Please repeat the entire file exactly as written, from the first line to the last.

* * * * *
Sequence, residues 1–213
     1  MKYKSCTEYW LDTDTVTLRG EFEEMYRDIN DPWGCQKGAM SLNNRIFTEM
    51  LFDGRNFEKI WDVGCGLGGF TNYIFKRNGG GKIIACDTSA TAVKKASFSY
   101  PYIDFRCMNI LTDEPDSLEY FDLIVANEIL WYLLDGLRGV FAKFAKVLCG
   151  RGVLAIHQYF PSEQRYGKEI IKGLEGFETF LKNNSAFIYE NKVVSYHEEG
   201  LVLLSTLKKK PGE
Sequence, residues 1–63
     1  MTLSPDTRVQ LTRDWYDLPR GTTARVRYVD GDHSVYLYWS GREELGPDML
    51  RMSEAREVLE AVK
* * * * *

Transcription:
Sequence, residues 1–213
     1  MKYKSCTEYW LDTDTVTLRG EFEEMYRDIN DPWGCQKGAM SLNNRIFTEM
    51  LFDGRNFEKI WDVGCGLGGF TNYIFKRNGG GKIIACDTSA TAVKKASFSY
   101  PYIDFRCMNI LTDEPDSLEY FDLIVANEIL WYLLDGLRGV FAKFAKVLCG
   151  RGVLAIHQYF PSEQRYGKEI IKGLEGFETF LKNNSAFIYE NKVVSYHEEG
   201  LVLLSTLKKK PGE
Sequence, residues 1–63
     1  MTLSPDTRVQ LTRDWYDLPR GTTARVRYVD GDHSVYLYWS GREELGPDML
    51  RMSEAREVLE AVK